Lawrence McCloskey ( 1895 – 1974 ) of Boiestown patented the Thermal Windowpane, a window with two glass panes separated by a hollow space, hermetically sealed and filled with alcohol, 1917.

Edward R. McDonald from Shediac invented what’s believed to be the world’s first crossword board game. In 1926, both the United Stated Patent and Canadian Patent Offices issued similar patents to McDonald for a board game called “Crossword Game”. The Scrabble board game was officially invented in 1938 by an American and has gone on to sell more than 150 million sets worldwide.

Frank McKenna ( 1948 – ), born in Apohaqui; lawyer, politician; won election to the provincial legislature in 1982; became leader of Liberal party of New Brunswick in 1985. Won a clean sweep of the Legislative Assembly in 1987.

Catherine McKinnon ( 1944 –  ) Born in Saint John, she began as a child performer, making her first radio appearance at age eight and her television debut at age 12. She is an actress, known for Hee Haw (1969), And That’s the News, Goodnight (1974) and Jubilee (1959). She was married to Donald Harron until 2003.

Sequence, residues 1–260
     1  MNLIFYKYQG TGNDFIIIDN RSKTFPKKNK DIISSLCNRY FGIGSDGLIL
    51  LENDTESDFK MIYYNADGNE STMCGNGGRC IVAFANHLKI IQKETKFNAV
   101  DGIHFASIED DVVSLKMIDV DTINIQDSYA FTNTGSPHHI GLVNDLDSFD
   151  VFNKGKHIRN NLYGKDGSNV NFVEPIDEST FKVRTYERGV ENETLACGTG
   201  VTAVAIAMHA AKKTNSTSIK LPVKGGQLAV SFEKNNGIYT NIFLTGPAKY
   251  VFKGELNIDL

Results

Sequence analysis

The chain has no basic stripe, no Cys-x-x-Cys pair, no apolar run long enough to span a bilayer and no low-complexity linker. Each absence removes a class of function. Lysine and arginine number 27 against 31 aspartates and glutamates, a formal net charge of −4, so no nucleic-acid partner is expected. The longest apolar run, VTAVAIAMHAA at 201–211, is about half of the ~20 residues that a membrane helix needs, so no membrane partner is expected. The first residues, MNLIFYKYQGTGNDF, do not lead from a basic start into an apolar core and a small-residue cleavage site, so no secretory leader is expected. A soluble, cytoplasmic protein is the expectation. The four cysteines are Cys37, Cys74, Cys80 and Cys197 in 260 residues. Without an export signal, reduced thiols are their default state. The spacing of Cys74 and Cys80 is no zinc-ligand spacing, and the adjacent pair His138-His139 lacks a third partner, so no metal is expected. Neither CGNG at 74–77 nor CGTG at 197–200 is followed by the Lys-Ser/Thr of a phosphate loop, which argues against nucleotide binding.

Antonine Maillet ( 1929 – ), born in Bouctouche; author; Companion of the Order of Canada; received Governor General’s Award (1972) for Don l’Orignal;first writer outside France to receive the Prix Goncourt (for Pelagie-la Charrette). The narrator of her works often represents the collective memory of the Acadian people.

Robert Maillet ( 1969 – ) born in Ste-Marie-de-Kent, Robert and pursued his dream to become a Professional Wrestler in the W.W.E. from 1997-1999. Maillet appeared in the film Sherlock Holmes where he accidentally punched Robert Downey, Jr. in the face. other films include  Percy Jackson: Sea of Monsters  and Hercules 2014.